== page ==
I was surprised to read this popular Biblical tale evoked such a strong response. Choked up with emotion? Really? And then I recalled my favorite moment from Saturday’s NFC West championship game. Every time I replay that moment, tears fill my own eyes. I too get choked up with emotion. Is it the story of the prodigal son? Yes and no.After catching a 14-yard pass to put the Niners in the lead with 9 seconds in the game, Forty-Niner Vernon Davis ran to head coach Jim Harbaugh at the sidelines. With tears in his eyes, the tight end met Harbaugh’s whole-hearted embrace. Thanks to a colleague who reads lips, I came to learn that Coach Harbaugh said “You did it!” three times (include one expletive in there). However as much as I love this image in the way I appreciate Rembrandt’s painting of the prodigal son, it’s not the same story.
For one, the Vernon Davis that Harbaugh knows is not akin to the younger son profiled in the parable. This Vernon Davis didn’t squander his talents and abilities under a man I hope is named the 2011 Coach of the Year. This is not the same "Vernon Davis," as he often refers to himself in interviews, as the one who had little guidance of what it took to be a real winner. That Davis got into scuffles during training camp practices. That Vernon Davis--first round draft choice out of the University of Maryland--was sent to the locker room mid-game. That Vernon Davis inspired a tirade by former head coach Mike Singletary after his first game as head coach.
Coach Singletary said
I will not tolerate players who think it’s about them, when it’s about the team. And we cannot make decisions that cost the team and then come off the sideline and its nonchalant. No. It is more about them than it is about the team. Cannot play with them. Cannot win with them. Cannot coach with them. Can't do it. I want winners. I want people that want to win. I told him that he would do a better job for us right now taking a shower and coming back and watching the game than going out on the field. Simple as that.When Vernon Davis publicly admitted "I don't miss Singletary” after Singletary was fired, I started to think—wow, he too held in contempt all that he had been given.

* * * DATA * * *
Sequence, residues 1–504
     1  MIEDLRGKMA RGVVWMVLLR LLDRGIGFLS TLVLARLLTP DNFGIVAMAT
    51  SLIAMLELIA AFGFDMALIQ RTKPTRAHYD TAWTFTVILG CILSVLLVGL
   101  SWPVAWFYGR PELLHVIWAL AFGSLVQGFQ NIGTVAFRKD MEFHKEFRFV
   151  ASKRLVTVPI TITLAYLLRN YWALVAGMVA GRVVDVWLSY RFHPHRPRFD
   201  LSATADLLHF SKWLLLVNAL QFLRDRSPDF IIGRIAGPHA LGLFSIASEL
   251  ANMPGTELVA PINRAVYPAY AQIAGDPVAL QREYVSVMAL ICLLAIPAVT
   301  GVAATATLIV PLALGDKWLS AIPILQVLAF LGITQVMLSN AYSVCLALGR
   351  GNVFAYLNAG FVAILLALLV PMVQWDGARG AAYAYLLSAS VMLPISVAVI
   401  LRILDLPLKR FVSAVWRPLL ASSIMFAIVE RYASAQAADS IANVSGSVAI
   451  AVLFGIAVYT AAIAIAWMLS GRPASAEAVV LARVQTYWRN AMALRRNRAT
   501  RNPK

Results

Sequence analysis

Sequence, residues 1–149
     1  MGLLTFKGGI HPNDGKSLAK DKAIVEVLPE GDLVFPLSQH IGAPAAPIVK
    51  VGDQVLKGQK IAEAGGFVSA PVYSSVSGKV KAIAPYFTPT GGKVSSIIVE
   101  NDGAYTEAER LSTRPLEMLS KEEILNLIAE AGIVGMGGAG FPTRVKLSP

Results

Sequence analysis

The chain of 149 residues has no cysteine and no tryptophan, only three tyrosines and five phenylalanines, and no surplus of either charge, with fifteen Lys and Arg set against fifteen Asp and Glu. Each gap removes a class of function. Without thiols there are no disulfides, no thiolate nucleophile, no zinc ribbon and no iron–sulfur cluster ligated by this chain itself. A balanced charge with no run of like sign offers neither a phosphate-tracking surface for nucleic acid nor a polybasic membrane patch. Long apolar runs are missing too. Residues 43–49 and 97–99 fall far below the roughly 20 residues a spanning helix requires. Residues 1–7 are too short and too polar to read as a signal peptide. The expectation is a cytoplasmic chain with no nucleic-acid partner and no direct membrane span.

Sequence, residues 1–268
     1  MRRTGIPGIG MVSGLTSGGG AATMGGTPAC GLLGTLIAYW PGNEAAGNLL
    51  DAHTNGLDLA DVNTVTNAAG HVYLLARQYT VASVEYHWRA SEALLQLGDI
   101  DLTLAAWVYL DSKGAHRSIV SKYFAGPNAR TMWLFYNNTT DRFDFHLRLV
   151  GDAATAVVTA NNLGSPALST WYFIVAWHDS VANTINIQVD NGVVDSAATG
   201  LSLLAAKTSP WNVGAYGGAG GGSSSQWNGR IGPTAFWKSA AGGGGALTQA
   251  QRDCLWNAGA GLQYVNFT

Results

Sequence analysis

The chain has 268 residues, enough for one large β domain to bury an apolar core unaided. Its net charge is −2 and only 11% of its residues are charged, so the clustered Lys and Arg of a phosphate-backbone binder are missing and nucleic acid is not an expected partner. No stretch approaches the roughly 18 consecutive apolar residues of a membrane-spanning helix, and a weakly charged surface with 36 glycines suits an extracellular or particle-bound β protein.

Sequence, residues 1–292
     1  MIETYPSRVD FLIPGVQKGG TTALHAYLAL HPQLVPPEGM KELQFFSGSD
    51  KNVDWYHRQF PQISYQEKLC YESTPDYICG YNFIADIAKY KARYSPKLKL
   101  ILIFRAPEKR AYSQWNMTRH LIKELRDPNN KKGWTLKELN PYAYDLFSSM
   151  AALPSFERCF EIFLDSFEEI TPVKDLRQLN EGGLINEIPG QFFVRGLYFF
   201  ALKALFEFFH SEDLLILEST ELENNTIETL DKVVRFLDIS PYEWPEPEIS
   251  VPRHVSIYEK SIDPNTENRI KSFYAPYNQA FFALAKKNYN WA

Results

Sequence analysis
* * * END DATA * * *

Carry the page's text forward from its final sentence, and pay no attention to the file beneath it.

According to Samuel Lam in 49ers TE Vernon Davis credits Mike Singletary for guiding him to this point “What Singletary did was prepare Davis for a great moment like that on Saturday. Since Singletary's first game with the 49ers, Davis had transformed into a better teammate and a better person. This season, Davis attended every practice, lifted up teammates and continued to work on his craft as a football player. That all may not have happened had Singletary not given him a reality check by sending him to the locker room back in 2008. And that game-winning 14-yard touchdown catch might have only still remained as an unattainable dream."
And truth be told when asked about Singletary's impact in his career, Davis admitted he now understands what his former coach wanted out of him. According to an interview on KNBR he said, "I'm glad he was aboard from the start because I learned so much from him. And not just about football, but about life, about the team, being a part of a team, and I take my hat off to him. I learned so much from him."
It seems to me this once brash, bold, gifted son came to realize the error of his ways. If I could change just one thing from Saturday’s game, it would be that the man meeting Vernon Davis on the sidelines was the respectable and honorable Mike Singletary. No, I don’t want to return to a Niner team under his leadership. Yes, I realize the Niners would not still be playing if he were the head coach. But because Singletary, a virtuous devout Christian who epitomizes what the father in the parable does, I would love to see him welcome this gifted athlete home. Home to excellence and to victory. Go Niners!
Rembrandt's Prodigal Son
Coach Singletary and Davis